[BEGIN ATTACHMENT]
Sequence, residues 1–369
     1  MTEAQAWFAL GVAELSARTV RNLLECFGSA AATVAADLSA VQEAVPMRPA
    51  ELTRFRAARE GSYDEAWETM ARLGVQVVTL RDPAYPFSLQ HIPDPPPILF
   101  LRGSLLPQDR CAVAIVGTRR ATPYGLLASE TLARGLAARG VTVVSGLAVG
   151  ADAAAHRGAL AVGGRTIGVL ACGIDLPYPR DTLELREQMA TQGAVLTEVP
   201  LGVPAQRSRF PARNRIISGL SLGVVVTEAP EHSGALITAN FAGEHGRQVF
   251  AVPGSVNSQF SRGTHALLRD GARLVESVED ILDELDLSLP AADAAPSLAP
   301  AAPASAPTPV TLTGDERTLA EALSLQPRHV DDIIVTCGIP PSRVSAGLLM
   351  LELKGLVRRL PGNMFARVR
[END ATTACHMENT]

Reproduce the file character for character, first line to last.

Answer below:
Sequence, residues 1–369
     1  MTEAQAWFAL GVAELSARTV RNLLECFGSA AATVAADLSA VQEAVPMRPA
    51  ELTRFRAARE GSYDEAWETM ARLGVQVVTL RDPAYPFSLQ HIPDPPPILF
   101  LRGSLLPQDR CAVAIVGTRR ATPYGLLASE TLARGLAARG VTVVSGLAVG
   151  ADAAAHRGAL AVGGRTIGVL ACGIDLPYPR DTLELREQMA TQGAVLTEVP
   201  LGVPAQRSRF PARNRIISGL SLGVVVTEAP EHSGALITAN FAGEHGRQVF
   251  AVPGSVNSQF SRGTHALLRD GARLVESVED ILDELDLSLP AADAAPSLAP
   301  AAPASAPTPV TLTGDERTLA EALSLQPRHV DDIIVTCGIP PSRVSAGLLM
   351  LELKGLVRRL PGNMFARVR